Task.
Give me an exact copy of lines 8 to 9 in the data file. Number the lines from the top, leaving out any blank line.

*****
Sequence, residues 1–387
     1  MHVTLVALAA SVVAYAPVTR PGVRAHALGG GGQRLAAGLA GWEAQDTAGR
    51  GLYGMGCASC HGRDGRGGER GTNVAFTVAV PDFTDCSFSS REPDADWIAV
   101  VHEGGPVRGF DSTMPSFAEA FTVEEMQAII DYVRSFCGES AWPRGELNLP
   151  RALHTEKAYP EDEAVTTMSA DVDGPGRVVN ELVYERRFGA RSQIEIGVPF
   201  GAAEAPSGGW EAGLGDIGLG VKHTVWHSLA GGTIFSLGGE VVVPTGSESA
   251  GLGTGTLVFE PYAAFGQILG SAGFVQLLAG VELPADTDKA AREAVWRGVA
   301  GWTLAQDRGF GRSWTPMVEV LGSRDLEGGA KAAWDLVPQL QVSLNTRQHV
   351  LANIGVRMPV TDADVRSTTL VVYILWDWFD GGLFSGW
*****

   301  GWTLAQDRGF GRSWTPMVEV LGSRDLEGGA KAAWDLVPQL QVSLNTRQHV
   351  LANIGVRMPV TDADVRSTTL VVYILWDWFD GGLFSGW